seperated imigrant children

Marchers head towards the tent city at Tornillo Land Point of Entry to protest the tent city erected there to house children separated from their parents at the border. Ivan Pierre Aguirre for The Texas Tribune

Critics have repeatedly mentioned the West Texas heat and questioned why the administration would house children in an area where triple-digit temperatures are common throughout the summer. González said she toured the facility and said the conditions inside are humane.

“First and foremost, no kid should be in a tent or in any facility, but I think when we think of the tent city we think of Arizona, Joe Arpaio style,” she said, referring to the former Maricopa County sheriff who used an outdoor facility for years. “That’s not the situation here. There is air conditioning, there are doctors, there are caseworkers.”

But she said the administration is barring news outlets and even lawmakers from viewing the facilities to keep attention on the facilities and away from a legislative solution to the country’s immigration problem.

“We’re not being told about the situation is like inside so we get caught up in tents, and not on policy,” she said.

While most Texas Republicans were not going out of their way to wade into the situation, one exception was Hurd, who represents a sprawling district that covers most of the Mexican border in Texas, including Tornillo. Hurd, regularly ranked as the most vulnerable Republican in the Texas delegation, visited the tent city Saturday and came back decrying it as an unacceptable way to combat illegal immigration.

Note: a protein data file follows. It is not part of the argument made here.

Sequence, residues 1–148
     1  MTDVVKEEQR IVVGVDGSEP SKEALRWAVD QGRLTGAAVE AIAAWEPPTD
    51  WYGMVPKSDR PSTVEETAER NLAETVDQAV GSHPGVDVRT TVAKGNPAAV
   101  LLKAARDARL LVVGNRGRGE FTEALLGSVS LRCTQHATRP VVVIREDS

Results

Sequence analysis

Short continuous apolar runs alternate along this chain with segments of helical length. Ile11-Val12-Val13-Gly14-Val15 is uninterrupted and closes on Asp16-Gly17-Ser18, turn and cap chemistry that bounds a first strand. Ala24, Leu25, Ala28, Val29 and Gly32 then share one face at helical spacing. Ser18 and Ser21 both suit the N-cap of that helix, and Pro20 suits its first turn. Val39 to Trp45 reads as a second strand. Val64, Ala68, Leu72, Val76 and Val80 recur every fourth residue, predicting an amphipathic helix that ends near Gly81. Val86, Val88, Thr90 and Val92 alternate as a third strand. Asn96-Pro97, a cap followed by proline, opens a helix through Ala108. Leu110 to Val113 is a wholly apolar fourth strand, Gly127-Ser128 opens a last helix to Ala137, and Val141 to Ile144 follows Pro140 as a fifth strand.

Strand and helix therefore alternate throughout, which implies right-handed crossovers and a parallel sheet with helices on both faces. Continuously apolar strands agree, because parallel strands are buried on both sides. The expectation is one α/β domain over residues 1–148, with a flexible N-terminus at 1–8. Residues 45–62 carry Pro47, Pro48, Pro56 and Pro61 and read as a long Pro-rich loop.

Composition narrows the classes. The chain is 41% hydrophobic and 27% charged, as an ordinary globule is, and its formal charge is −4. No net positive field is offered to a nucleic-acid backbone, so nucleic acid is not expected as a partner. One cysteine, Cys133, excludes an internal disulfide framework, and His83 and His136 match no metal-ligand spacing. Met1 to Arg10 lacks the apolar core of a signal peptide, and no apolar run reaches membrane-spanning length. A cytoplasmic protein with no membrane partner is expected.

Furthermore, Hurd rejected the argument that anyone but the Trump administration was responsible for the policy.

“This is clearly something that the administration could change,” Hurd told CNN after the trip to Tornillo. “They don’t need legislation to change it. They don’t need Democrats in order to change it. This is a Department of Justice policy, and this is something that’s being enacted by” the U.S. Department of Health and Human Services.

At the Republican Party of Convention Saturday, U.S. Sen. Ted Cruz — who O’Rourke is challenging — lay the blame for the current situation on Democrats in Congress, not the Trump administration.

“Nobody wants to see a child separated from him or his parents,” Cruz told reporters Saturday, proposing that Congress “devote substantially more resources to providing immigration judges so that if a family crosses illegally and if they have a credible claim of asylum, that claim should be processed and processed quickly, ideally immediately, so that if it is a valid claim, they get asylum granted and if it’s not a valid claim that they are returned to their home country promptly and expeditiously.